How do you know if your case involves pecuniary or financial loss?
First, it's important to understand what is “Pecuniary loss.”
Pecuniary loss is the economic loss suffered as a result of someone else causing you injury. It is part of the compensation that you can seek to reclaim in a lawsuit here in New York.
When you have been injured as a result of someone else's carelessness, the law in New York allows you to bring a lawsuit seeking to obtain financial compensation. The reality is that we cannot put you together again. It's like the old Humpty Dumpty story. “All the kings horses and all the kings men couldn't put Humpty Dumpty back together again.”
The analogy is appropriate. You can receive all the medical care to try and reconstruct the way you were before you are injury. Yet many accidents and incidents are permanent. Despite corrective treatments, in many instances where you will be left with life-long residual injury or disability. Our system of justice and our sense of doing what is right requires be wrongdoer to repay the debt that they have incurred because of what they did.
In that light, we must then look to the different elements of how you get compensated for your injuries.
The most well-known elements of compensation are:
Pain and suffering. This applies from the time of your incident until the time your case is resolved. More commonly, this is known as past pain and suffering. There is also a component of compensation known as future pain and suffering. This would apply from the time your case is resolved until the foreseeable future, assuming of course that your injuries are lifelong and disabling.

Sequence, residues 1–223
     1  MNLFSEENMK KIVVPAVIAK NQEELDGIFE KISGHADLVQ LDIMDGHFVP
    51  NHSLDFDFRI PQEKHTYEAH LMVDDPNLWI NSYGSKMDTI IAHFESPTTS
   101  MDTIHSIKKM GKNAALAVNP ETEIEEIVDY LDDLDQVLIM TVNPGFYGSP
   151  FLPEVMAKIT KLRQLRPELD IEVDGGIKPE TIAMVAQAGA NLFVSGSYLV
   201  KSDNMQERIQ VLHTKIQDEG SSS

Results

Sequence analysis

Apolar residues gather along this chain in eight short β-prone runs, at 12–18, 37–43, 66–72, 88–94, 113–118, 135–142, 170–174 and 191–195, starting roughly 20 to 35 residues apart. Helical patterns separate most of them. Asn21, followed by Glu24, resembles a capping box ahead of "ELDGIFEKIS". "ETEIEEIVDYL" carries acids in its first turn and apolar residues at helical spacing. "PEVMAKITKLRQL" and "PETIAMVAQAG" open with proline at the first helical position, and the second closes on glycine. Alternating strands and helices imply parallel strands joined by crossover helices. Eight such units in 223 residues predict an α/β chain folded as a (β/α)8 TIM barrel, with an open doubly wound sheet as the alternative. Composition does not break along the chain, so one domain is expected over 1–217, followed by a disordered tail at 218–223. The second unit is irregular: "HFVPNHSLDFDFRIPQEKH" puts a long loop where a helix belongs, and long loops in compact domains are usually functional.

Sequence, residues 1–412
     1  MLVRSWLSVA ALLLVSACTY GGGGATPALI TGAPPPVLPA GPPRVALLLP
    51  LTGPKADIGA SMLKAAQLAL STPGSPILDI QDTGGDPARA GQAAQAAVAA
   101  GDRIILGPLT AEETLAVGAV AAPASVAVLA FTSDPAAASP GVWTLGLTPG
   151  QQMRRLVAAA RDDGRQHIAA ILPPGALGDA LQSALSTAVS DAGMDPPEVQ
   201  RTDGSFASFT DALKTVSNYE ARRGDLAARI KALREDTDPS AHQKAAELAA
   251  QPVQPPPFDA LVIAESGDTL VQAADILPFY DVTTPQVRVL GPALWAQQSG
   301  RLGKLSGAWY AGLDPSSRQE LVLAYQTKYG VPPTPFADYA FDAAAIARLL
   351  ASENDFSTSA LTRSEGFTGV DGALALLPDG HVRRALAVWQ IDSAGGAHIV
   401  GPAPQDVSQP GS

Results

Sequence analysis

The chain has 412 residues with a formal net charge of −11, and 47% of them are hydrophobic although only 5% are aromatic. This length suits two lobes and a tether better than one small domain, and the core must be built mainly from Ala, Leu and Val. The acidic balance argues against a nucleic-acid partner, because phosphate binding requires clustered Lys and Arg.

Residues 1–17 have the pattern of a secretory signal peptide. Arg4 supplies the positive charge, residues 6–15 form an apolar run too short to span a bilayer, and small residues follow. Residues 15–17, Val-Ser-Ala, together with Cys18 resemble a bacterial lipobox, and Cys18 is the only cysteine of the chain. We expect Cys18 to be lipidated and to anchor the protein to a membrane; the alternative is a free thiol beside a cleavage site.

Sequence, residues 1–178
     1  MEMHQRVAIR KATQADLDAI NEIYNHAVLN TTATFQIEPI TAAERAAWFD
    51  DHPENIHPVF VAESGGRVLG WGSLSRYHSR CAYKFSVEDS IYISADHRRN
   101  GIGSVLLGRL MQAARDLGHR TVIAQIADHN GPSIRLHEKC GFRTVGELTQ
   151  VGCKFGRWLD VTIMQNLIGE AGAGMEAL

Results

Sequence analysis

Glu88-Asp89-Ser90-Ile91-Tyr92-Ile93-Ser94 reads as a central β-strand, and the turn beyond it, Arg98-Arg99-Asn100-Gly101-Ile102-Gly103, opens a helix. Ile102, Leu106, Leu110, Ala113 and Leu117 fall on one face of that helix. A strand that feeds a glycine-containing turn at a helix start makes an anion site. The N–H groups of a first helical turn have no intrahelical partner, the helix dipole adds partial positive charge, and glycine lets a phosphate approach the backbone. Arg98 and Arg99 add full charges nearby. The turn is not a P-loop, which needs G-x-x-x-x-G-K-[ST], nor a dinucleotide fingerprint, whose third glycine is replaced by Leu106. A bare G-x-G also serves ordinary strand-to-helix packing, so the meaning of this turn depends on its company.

Critics argue that the amount an injured victim receives for their pain and the suffering are variable and cannot be accurately tallied. However, they also point out that everyone's injuries affect them differently. That often accounts for wide variations in the type of compensation different people receive despite having similar injuries.
Economic damages. These are quantifiable and definable. These include specific medical expenses you have incurred directly as a result of the wrongdoing. They may include funeral expenses, health insurance expenses, nursing services, surgical services and more. This element of compensation will always include lost wages if you are unable to work as a result of your injuries. What if you are unable to work into the immediate future? That becomes an element of compensation. Not only do you have quantifiable economic expenses that can often be justified with bills and receipts, but your future lost wages can often be calculated based upon your work history.
How do you know how much pecuniary loss there is your particular case? The reality is that you need to have a thorough evaluation and investigation of your particular matter to know exactly the answer to that question. Are there instances where there is no pecuniary loss in a lawsuit? The answer is “Yes.” For example, if someone was not working or was elderly and died as a result of carelessness, it is possible that there will be no pecuniary loss to the family. What that means is that there is no financial loss the family as a result of their loved one's death. Maybe grandpa was in his 90s and simply not working. Maybe had no source of income and Medicare paid for all of his expenses. In that instance, the only element of damages that might be available would be the pain and the suffering he endured from the time the wrongdoing of until the time of his death.
Pecuniary loss is just one element of damages.
Gerry practices law exclusively in the State of New York. Within New York he practices primarily in the following counties: New York, Brooklyn, Queens, Bronx, Staten Island, Nassau and Suffolk. Technically, Brooklyn is known as "Kings County," and Manhattan and New York City are known as "New York County." Staten Island is known as "Richmond County." These counties make up the New York metropolitan area.